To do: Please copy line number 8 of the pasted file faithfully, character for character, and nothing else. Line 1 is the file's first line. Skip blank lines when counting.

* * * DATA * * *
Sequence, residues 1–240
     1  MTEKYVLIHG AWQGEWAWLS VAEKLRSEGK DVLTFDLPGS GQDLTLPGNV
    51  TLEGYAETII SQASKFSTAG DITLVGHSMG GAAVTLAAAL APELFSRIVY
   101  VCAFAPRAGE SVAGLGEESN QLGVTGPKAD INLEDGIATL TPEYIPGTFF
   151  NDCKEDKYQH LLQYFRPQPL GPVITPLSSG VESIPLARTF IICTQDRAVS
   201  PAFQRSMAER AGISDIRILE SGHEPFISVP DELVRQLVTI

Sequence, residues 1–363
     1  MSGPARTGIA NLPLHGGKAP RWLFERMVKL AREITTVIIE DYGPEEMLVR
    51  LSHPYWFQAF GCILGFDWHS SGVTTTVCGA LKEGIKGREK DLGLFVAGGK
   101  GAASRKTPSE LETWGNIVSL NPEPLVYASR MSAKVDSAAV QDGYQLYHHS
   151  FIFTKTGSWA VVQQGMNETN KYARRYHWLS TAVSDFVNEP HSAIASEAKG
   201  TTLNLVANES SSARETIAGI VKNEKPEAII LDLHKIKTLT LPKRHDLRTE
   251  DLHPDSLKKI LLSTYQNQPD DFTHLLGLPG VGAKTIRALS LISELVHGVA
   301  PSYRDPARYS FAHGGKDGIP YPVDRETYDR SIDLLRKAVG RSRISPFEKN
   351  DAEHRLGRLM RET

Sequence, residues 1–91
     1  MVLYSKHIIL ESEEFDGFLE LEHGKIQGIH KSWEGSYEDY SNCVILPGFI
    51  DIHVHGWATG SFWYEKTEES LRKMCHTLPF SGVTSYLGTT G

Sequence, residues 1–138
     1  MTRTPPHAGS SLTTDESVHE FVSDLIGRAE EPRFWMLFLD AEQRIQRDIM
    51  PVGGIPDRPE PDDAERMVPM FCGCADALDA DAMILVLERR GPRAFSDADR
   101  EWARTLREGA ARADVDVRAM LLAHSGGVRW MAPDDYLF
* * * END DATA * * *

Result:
     1  MSGPARTGIA NLPLHGGKAP RWLFERMVKL AREITTVIIE DYGPEEMLVR